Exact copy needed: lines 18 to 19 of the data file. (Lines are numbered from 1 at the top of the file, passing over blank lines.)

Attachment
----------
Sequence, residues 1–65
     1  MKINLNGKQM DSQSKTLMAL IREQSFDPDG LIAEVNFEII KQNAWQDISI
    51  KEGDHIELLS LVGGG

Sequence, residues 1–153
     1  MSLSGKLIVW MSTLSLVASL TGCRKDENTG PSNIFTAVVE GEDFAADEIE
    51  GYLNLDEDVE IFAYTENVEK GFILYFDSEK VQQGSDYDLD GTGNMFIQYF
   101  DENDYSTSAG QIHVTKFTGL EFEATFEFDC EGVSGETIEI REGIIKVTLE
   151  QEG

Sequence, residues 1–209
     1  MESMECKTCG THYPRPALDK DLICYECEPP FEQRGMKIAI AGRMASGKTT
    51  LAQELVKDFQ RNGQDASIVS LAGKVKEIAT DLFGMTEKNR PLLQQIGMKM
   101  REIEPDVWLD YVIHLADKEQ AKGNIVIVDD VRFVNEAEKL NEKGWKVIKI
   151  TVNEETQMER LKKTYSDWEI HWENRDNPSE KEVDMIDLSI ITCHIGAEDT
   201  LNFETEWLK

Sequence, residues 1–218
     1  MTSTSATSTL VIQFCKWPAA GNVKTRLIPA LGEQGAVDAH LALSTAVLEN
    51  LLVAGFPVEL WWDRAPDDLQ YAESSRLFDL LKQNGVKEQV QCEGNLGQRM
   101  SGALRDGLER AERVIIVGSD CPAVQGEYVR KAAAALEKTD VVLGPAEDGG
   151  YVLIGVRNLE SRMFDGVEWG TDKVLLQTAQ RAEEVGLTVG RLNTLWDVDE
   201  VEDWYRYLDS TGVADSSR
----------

   101  SGALRDGLER AERVIIVGSD CPAVQGEYVR KAAAALEKTD VVLGPAEDGG
   151  YVLIGVRNLE SRMFDGVEWG TDKVLLQTAQ RAEEVGLTVG RLNTLWDVDE